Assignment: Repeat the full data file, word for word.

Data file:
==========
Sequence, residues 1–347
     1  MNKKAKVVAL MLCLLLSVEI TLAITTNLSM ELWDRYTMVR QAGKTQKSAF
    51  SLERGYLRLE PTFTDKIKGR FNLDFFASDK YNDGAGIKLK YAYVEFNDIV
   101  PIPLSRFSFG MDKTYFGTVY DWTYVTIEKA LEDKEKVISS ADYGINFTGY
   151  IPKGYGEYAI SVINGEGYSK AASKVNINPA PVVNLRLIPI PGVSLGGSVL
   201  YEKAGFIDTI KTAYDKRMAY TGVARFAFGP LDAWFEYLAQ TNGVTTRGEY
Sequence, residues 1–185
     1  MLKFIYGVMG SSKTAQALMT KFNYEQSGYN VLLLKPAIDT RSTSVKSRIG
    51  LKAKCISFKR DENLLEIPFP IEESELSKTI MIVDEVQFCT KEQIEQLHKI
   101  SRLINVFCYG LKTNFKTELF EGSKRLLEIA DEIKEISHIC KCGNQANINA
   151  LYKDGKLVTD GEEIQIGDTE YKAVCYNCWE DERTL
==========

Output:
Sequence, residues 1–347
     1  MNKKAKVVAL MLCLLLSVEI TLAITTNLSM ELWDRYTMVR QAGKTQKSAF
    51  SLERGYLRLE PTFTDKIKGR FNLDFFASDK YNDGAGIKLK YAYVEFNDIV
   101  PIPLSRFSFG MDKTYFGTVY DWTYVTIEKA LEDKEKVISS ADYGINFTGY
   151  IPKGYGEYAI SVINGEGYSK AASKVNINPA PVVNLRLIPI PGVSLGGSVL
   201  YEKAGFIDTI KTAYDKRMAY TGVARFAFGP LDAWFEYLAQ TNGVTTRGEY
Sequence, residues 1–185
     1  MLKFIYGVMG SSKTAQALMT KFNYEQSGYN VLLLKPAIDT RSTSVKSRIG
    51  LKAKCISFKR DENLLEIPFP IEESELSKTI MIVDEVQFCT KEQIEQLHKI
   101  SRLINVFCYG LKTNFKTELF EGSKRLLEIA DEIKEISHIC KCGNQANINA
   151  LYKDGKLVTD GEEIQIGDTE YKAVCYNCWE DERTL